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What information is recorded by an ELD?

ELDs record information about a driver's hours on the road.

The Federal Motor Carrier Safety Administration (FMCSA) requires all commercial truckers to install an electronic logging device (ELD) in their vehicle to record specific information. The ELD has replaced paper logs and electronic onboard recorders since that device was not standardized for the entire industry. The FMCSA required all carriers to install ELDs by December 2017 and to be in full compliance by December 2019.

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What are Safety Event Groups and how are they used?

It's important to understand what safety event groups are.

Compliance and Safety Accountability (CSA) is a program operated by the Federal Motor Carrier Safety Administration (FMCSA) that uses Safety Event Groups to help rank motor carriers in terms of safety. The CSA first used this methodology in 2010 when it replaced Peer Groups. It also stopped assigning Average Power Units at that time to categorize fleets. The change caused some fleets to see a large fluctuation in their percentile ranking as compared to their peers. We’ll explain what Safety Event Groups are.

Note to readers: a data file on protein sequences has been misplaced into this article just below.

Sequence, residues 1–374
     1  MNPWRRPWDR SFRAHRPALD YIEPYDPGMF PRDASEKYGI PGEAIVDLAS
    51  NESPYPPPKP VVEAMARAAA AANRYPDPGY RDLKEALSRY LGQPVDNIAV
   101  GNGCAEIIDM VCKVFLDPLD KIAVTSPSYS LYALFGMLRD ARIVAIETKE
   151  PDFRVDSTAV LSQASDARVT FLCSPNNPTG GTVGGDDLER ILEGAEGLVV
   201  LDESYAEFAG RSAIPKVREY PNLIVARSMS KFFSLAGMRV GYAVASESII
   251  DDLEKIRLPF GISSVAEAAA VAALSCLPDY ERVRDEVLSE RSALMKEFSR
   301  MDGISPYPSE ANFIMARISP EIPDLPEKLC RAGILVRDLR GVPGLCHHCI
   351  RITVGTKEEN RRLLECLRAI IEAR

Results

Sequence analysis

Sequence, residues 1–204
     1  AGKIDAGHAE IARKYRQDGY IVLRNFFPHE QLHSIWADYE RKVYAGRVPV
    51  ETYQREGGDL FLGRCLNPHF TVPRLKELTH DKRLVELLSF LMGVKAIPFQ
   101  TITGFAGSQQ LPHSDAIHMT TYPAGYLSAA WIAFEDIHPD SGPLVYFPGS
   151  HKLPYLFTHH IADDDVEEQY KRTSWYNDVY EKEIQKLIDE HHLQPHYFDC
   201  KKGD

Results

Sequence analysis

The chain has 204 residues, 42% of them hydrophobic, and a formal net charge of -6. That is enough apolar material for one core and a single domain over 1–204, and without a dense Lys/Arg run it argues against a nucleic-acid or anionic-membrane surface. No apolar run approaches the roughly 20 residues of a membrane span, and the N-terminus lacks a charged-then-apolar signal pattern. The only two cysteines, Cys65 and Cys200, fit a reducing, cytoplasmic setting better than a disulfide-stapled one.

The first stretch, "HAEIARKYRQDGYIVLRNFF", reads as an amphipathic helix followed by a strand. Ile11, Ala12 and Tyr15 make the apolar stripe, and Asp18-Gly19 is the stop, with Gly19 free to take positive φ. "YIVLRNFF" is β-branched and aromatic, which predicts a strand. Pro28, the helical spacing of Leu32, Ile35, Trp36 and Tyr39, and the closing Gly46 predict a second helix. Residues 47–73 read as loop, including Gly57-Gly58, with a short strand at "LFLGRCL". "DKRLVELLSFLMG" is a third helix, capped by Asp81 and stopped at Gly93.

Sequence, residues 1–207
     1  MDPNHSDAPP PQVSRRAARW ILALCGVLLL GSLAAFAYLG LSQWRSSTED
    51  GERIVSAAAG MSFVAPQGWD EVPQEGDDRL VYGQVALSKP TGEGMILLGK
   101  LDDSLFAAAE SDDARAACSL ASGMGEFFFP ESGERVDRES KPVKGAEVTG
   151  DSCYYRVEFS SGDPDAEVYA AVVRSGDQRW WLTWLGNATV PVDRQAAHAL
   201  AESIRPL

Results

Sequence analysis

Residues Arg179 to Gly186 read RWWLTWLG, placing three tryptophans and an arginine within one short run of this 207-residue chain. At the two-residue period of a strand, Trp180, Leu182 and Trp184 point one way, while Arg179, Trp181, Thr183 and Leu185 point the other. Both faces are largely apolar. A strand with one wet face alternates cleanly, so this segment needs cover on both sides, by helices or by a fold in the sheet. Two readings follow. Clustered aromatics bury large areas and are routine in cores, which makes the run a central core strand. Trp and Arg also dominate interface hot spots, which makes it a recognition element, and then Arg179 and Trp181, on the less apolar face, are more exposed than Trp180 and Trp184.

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What are Acute and Critical Violations?

There is a difference between acute and critical violations.

When the Federal Motor Carrier Safety Administration (FMCSA) completes a safety audit, it is looking for evidence of violations that can put the public at risk. It classifies all violations as either acute or critical. When a trucking company or independent owner-operator receives an acute violation, it means that the violation was so grossly unsafe that the FMCSA will implement immediate corrective action. Refusing or failing to put a drug and alcohol testing program in place is a common example of an acute violation.

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What are the three forms of CSA intervention?

There are different levels of CSA intervention.

Compliance and Safety Accountability (CSA) is a program of the Federal Motor Carrier Safety Administration (FMCSA) for the purpose of helping motor carriers comply with federal regulations. It institutes three levels of intervention known as Early Contact, Investigation, and Follow-On. CSA interventions help to determine the reason for safety issues and recommend solutions to correct them. It also issues penalties to non-compliant motor carriers. Below is a brief description of each of these forms of CSA intervention.

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What do I need to do to reinstate my Motor Carrier Operating Authority?

You might be able to reinstate your motor carrier operating authority.

If you’ve lost your operating authority, all is not lost. The Federal Motor Carrier Safety Administration has clearly defined policies for revoking and suspending a carrier’s ability to operate. There are also clear guidelines for reinstating a suspended or revoked motor carrier operating authority that must be followed if you are going to get back on the road legally.